Antarctic Explorers Timeline

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    Antarctica Explorers

  • James Cook

    In 1773 James Cook crossed the Antarctic Circle for the first time but, although he discovered nearby islands, he did not catch sight of Antarctica itself. It is believed he was as close as 241 kilometres from the mainland. James Cook travelled 2011.68 kilometres from the South Pole.
  • John Richardson

    Richardson was born at Dumfries. He studied medicine at Edinburgh University, and became a surgeon in the navy in 1807. He traveled with John Franklin in search of the Northwest Passage on the Coppermine Expedition of 1819–1822. Richardson wrote the sections on geology, botany and icthyology for the official account of the expedition.
  • Pyotr Fyodorovich Anjou

    Pyotr Fyodorovich Anjou was an Arctic explorer and an admiral of the Imperial Russian Navy.
  • Fabian von Bellingshausen

    Fabian Gottlieb Thaddeus von Bellingshausen was an officer in the Imperial Russian Navy, cartographer and explorer, who ultimately rose to the rank of Admiral. In 1820, several expeditions claimed to have been the first to have sighted Antarctica, with the very first being the Russian expedition led by Fabian Gottlieb von Bellingshausen and Mikhail Lazarev. The first landing was probably just over a year later when American Captain John Davis, a sealer, set foot on the ice.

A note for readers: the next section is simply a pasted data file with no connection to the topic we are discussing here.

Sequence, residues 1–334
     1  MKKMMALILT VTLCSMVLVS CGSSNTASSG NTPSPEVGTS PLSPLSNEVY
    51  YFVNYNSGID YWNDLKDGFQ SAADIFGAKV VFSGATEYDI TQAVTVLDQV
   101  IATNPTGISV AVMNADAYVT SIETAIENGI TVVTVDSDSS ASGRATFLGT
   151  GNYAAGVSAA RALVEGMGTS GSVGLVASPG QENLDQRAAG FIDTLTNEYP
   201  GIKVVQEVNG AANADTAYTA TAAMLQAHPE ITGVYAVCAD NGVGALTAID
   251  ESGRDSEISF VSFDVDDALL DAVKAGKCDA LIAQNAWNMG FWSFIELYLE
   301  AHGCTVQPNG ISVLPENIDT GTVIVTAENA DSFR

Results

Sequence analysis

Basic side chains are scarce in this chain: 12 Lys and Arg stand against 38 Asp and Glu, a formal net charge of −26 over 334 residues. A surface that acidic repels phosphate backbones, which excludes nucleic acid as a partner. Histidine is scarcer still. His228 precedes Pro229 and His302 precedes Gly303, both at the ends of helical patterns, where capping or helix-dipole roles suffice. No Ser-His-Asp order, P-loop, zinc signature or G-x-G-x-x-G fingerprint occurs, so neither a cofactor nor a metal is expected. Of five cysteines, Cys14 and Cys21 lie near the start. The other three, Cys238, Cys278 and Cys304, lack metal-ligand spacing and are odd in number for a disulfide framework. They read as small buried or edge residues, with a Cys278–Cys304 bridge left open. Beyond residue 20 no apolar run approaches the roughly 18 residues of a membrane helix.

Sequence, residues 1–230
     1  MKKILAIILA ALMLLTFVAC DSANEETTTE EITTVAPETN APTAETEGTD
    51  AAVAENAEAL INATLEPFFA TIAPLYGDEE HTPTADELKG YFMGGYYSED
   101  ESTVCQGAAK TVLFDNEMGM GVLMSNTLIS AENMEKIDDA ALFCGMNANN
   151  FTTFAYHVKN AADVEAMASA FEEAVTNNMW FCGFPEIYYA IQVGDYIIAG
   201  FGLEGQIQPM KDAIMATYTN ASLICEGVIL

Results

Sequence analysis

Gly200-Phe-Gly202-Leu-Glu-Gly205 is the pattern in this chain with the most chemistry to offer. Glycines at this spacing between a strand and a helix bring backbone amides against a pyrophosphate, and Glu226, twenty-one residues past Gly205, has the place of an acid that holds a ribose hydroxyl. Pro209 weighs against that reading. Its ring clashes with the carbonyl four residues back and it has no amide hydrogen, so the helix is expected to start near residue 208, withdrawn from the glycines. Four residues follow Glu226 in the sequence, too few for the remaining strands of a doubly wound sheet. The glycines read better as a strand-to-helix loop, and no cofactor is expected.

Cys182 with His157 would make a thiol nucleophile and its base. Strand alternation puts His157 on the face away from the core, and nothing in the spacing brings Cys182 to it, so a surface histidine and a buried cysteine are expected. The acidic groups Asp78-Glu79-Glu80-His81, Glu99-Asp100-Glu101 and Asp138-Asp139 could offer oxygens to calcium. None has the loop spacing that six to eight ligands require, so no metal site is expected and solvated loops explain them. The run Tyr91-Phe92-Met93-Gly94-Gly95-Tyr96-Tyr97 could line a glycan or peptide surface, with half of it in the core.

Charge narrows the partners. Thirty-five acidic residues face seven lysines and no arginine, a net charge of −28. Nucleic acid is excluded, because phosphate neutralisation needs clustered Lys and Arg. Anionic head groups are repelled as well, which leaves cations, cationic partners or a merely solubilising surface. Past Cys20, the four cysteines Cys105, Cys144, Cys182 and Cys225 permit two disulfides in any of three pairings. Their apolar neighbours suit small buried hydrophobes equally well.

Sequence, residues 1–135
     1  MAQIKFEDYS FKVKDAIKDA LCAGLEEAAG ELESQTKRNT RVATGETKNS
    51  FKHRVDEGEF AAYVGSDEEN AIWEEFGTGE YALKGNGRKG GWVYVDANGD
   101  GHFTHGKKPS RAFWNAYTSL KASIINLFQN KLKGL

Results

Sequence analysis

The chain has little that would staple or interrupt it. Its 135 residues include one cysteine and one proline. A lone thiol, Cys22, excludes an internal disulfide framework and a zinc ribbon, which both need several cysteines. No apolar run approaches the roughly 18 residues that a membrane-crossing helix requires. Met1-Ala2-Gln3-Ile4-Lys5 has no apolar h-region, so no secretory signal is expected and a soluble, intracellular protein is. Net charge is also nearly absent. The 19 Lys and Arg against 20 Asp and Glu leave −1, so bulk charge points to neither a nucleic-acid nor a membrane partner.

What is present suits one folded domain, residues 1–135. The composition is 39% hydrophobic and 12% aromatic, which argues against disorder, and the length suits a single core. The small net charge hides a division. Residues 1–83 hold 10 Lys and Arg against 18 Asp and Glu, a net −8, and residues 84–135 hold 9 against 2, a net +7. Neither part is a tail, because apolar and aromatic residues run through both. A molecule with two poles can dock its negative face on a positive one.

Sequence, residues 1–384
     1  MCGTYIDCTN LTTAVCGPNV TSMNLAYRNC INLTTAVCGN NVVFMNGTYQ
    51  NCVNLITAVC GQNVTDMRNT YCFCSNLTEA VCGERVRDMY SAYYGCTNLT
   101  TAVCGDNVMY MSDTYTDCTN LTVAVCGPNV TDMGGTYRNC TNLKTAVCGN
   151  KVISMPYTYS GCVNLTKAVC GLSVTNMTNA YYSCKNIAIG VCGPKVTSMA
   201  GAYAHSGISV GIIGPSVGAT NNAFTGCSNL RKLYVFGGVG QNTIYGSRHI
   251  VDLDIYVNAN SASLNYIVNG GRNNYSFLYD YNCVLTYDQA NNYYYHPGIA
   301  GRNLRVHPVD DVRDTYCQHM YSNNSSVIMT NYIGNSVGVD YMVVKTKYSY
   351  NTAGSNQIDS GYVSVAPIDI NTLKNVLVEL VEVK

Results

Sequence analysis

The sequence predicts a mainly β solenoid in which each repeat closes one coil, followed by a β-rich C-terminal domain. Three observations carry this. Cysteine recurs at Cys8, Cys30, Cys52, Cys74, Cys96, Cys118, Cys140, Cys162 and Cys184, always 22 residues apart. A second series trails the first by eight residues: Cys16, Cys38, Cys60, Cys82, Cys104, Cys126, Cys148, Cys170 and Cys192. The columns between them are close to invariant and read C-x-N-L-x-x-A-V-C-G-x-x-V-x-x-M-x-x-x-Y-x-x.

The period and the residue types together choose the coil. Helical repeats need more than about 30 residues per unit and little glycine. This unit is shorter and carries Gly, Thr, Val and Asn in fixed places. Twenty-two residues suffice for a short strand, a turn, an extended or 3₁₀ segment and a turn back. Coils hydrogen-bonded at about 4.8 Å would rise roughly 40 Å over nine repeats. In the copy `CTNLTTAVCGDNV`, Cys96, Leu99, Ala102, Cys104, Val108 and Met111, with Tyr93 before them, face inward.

• James Weddell

    James Weddell was a British sailor, navigator and seal hunter who in the early spring of 1823 sailed to latitude of 74°15' S and into a region of the Southern Ocean that later became known as the Weddell Sea.
  • James Ross

    Sir James Clark Ross was a British naval officer and explorer remembered today for his exploration of the Arctic with his uncle Sir John Ross and Sir William Parry and, in particular, his own expedition to Antarctica.
  • Salomon August Andrée